A Utah filmmaker has a new documentary called Dying in Vein. It looks at the state’s high rates of opiate and heroin addiction through the experiences of drug users and their family members here in Utah.
For filmmaker Jenny Mackenzie addiction is a personal issue.
"I have three family members who have struggled with addiction," Mackenzie says.
Mackenzie became interested in doing a film about the state’s opioid problem a few years back. But it wasn’t until a friend of her college-age daughter overdosed on heroin, and his mom contacted her, that the project really began.
"When she called me I knew there was a reason to tell this story."
For three years Mackenzie collected the stories of young people from Salt Lake City involved with heroin: two who were caught up in addiction, one who had recovered, and her daughter’s friend Chase, who had overdosed.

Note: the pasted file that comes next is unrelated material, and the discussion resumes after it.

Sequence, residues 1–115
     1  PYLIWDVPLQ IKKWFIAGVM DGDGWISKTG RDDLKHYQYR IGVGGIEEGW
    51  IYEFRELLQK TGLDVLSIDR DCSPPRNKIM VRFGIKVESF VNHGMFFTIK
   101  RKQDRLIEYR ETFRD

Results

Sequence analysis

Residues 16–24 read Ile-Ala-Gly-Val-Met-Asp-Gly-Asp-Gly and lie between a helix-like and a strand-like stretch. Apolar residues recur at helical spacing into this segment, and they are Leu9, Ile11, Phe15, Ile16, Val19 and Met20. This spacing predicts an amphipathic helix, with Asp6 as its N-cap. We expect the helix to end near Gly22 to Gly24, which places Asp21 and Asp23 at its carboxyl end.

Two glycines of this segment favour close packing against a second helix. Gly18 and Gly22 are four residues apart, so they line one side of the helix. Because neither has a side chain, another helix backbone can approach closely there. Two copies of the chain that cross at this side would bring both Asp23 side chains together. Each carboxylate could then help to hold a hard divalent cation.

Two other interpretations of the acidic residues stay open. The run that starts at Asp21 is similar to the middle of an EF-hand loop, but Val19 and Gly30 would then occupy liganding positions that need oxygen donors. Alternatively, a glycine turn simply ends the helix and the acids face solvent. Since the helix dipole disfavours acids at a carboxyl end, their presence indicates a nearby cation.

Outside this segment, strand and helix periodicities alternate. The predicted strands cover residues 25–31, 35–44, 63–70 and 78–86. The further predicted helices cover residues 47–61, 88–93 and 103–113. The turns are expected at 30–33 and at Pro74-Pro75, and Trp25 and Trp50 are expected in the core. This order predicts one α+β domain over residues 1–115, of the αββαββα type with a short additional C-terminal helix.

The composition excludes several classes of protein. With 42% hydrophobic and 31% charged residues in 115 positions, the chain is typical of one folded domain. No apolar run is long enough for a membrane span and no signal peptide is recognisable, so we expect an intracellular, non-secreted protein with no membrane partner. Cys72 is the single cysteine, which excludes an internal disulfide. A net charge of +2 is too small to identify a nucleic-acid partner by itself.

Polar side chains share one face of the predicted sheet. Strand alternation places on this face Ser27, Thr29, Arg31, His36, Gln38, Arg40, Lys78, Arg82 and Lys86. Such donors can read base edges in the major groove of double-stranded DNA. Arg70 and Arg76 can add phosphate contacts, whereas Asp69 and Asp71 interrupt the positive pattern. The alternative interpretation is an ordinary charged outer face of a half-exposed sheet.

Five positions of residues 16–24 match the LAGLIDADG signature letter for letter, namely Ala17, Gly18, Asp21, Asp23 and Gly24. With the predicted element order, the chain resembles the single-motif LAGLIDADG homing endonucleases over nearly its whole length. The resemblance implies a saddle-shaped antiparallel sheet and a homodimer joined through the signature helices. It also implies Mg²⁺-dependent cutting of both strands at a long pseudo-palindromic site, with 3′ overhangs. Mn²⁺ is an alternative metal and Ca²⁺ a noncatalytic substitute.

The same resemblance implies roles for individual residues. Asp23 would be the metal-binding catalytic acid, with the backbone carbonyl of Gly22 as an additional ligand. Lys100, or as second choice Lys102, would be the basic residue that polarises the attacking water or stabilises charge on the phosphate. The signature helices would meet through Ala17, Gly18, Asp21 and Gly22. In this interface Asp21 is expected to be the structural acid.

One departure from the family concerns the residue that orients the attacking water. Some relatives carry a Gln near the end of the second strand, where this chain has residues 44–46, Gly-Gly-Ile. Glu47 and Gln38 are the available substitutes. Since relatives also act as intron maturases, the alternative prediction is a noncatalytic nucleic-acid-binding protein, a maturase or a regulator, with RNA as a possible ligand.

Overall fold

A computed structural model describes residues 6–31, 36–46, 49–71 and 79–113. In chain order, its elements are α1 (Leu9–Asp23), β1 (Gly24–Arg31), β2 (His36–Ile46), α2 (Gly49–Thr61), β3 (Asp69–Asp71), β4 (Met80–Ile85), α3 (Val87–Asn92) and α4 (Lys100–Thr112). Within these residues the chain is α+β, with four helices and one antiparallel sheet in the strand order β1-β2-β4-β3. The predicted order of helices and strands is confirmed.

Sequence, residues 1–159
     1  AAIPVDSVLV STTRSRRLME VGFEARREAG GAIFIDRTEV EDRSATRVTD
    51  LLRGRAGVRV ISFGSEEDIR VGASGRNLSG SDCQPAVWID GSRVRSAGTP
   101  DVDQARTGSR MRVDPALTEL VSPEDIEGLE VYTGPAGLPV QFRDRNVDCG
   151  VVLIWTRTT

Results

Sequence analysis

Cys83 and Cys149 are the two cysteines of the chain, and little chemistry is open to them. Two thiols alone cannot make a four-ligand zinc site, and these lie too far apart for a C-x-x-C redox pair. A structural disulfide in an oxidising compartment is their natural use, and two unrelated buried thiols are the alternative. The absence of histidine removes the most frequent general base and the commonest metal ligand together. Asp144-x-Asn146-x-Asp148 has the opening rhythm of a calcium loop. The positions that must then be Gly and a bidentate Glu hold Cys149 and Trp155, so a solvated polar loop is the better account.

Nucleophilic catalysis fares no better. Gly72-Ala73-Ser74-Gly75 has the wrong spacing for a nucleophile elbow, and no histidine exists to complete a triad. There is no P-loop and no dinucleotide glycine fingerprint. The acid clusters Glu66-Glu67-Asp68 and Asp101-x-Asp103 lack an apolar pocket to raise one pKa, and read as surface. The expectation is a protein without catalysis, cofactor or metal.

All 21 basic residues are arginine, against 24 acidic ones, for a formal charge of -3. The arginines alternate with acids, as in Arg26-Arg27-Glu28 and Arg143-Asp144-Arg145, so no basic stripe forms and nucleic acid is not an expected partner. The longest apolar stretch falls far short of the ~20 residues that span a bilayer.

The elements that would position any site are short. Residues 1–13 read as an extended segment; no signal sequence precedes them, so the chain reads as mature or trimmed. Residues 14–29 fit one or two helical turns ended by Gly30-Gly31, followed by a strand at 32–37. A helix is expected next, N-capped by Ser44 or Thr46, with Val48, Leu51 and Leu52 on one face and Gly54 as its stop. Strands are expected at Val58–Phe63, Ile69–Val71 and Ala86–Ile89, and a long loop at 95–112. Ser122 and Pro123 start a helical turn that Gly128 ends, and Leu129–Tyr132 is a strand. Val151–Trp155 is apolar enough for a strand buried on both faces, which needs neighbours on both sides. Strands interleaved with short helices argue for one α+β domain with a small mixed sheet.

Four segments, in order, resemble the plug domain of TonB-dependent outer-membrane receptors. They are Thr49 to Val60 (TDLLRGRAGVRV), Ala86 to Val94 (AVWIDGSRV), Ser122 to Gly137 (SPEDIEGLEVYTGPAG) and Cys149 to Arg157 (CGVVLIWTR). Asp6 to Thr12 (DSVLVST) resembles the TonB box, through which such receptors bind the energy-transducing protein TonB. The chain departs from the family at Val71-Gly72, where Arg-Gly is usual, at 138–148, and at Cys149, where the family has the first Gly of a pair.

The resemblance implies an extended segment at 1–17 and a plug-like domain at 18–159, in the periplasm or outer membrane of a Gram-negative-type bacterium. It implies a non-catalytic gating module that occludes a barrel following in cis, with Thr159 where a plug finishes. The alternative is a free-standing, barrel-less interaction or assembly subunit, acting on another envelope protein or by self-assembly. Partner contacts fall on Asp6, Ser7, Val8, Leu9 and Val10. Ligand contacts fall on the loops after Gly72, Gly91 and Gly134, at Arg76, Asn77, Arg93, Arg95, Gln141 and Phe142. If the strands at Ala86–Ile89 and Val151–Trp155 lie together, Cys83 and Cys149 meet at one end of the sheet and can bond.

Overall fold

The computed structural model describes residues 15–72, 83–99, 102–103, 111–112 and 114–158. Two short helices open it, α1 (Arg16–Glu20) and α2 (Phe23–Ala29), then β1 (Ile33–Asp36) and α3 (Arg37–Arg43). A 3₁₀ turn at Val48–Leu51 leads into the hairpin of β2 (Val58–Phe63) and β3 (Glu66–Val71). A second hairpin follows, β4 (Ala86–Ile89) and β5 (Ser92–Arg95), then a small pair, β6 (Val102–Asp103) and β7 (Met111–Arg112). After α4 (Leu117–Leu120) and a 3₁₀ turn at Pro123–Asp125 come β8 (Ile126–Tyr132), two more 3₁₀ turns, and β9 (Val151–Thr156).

The film is personal and sometimes graphic. Scenes include drug use and Chase’s funeral. Mackenzie says everyone she filmed volunteered in order to help shift the shame and judgment that prevents conversations about addiction from happening.
"I think for any social issue or public health issue that is closeted, there is going to be shame because you can’t talk about it. And so for me, I think the way to confront shame is to create discussion and conversation," Mackenzie says.
Dying in Vein is screening at high schools and community centers in Utah as well as in other states. Several upcoming screenings are happening in Park City where, last year, two teenagers overdosed on a synthetic opiate known as “pink.”
With these screenings, Mackenzie is creating a space where teens can see other young people like them, living in the same place, dealing with the same pressures. She hopes it will help steer them in the right direction.